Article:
I’ve just finished reading “Would that All God’s Children Were Poets” by Casualene Meyer (follow the link and scroll down to p. 173), poetry editor for BYU Studies. In this short article she reflects on her responsibility for choosing what poems to publish in the journal and which poems to award prizes in the journal’s annual poetry contest. She touches on what I think are some powerful ideas about the relationship between poetry (and the human aesthetic experience in general), religion, and service to others. I won’t explore these thoughts today, but I’ve invited them into , my own editorial responsibilities, and the virtue of words (also here), so I may return to them more in depth later.
For now, however, as a means to open a conversation, here’s Casualene:
As poetry editor, I would do well to assume that all poetry I receive is a valiant effort in verse, so how, given so much desire on the part of the poets, could I choose a “winner,” especially if poetry is a matter of the heart and of preference, and it would be quite heartless and preferential to say some poems are worthy and others are not? The reality is that sincerity of heart does not equal quality of art, and sometimes bad poetry happens to good people. [Note: I love that line!]
If one draws a parallel between poems and “spirits,” a verse from the Book of Abraham helps illustrate in some degree why all poetry exists in a hierarchy, and that some can and even should be deemed noble and great, or prize-worthy: “And the Lord said unto me: These two facts do exist, that there are two spirits, one being more intelligent than the other; there shall be another more intelligent than they; I am the Lord thy God, I am more intelligent than they all” (Abraham 3:19). The task, then, of the poetry editor for BYU Studies is to try to discern among all the poems received which are the stronger, and even the strongest, and recommend them for prizes and publication. All poetry is not created equal, so it is not just a matter of granting open admission to a poetry pantheon for any verse that exists; some poetry should be not only appreciated but actually admired, and like the criterion that “he that is greatest among you shall be your servant” (Matthew 23:11), the best poetry serves readers with the greatest substance and purity. Good poems may touch us, and earnest readers, like the woman who touched the border of Christ’s garment, instinctively seek them out and touch them. In turn, the good poems give us a portion of their power and virtue, leaving us healed.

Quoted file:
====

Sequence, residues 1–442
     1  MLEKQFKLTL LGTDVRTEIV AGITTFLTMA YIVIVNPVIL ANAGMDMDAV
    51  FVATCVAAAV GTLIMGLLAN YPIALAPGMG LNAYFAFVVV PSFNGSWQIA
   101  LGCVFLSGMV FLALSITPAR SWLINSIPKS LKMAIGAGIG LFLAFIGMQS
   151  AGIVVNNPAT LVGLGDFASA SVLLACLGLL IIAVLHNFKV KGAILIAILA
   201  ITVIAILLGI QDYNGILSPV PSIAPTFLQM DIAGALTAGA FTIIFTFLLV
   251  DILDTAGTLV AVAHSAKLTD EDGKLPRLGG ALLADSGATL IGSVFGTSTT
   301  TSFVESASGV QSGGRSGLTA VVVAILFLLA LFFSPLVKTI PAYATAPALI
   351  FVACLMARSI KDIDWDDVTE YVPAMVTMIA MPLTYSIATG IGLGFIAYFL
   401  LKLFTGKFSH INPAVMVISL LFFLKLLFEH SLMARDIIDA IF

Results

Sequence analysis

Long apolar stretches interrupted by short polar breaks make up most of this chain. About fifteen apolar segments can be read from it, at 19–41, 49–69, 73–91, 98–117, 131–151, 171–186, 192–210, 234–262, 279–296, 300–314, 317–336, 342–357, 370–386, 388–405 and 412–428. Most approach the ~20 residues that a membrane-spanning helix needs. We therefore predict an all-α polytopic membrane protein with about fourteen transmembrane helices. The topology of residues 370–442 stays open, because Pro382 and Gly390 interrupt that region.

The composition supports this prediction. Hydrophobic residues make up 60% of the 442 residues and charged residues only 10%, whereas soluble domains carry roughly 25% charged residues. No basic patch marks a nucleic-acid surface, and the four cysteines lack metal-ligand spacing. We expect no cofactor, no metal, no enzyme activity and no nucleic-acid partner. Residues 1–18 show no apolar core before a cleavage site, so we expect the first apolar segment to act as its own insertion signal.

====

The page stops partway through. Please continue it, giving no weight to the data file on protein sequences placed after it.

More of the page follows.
Eternal intelligence and the workings of language. Editorial practice as discernment. Poetry (and language) as service. Poetry (and language) as possessors and expressions of power and virtue with the potential to heal.